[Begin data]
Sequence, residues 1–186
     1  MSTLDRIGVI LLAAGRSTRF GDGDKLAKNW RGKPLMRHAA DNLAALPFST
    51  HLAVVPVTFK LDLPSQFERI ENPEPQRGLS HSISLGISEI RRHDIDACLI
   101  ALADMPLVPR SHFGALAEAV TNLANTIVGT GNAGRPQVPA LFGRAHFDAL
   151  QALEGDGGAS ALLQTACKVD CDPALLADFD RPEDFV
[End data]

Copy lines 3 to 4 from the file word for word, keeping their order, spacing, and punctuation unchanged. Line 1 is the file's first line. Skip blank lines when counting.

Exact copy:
    51  HLAVVPVTFK LDLPSQFERI ENPEPQRGLS HSISLGISEI RRHDIDACLI
   101  ALADMPLVPR SHFGALAEAV TNLANTIVGT GNAGRPQVPA LFGRAHFDAL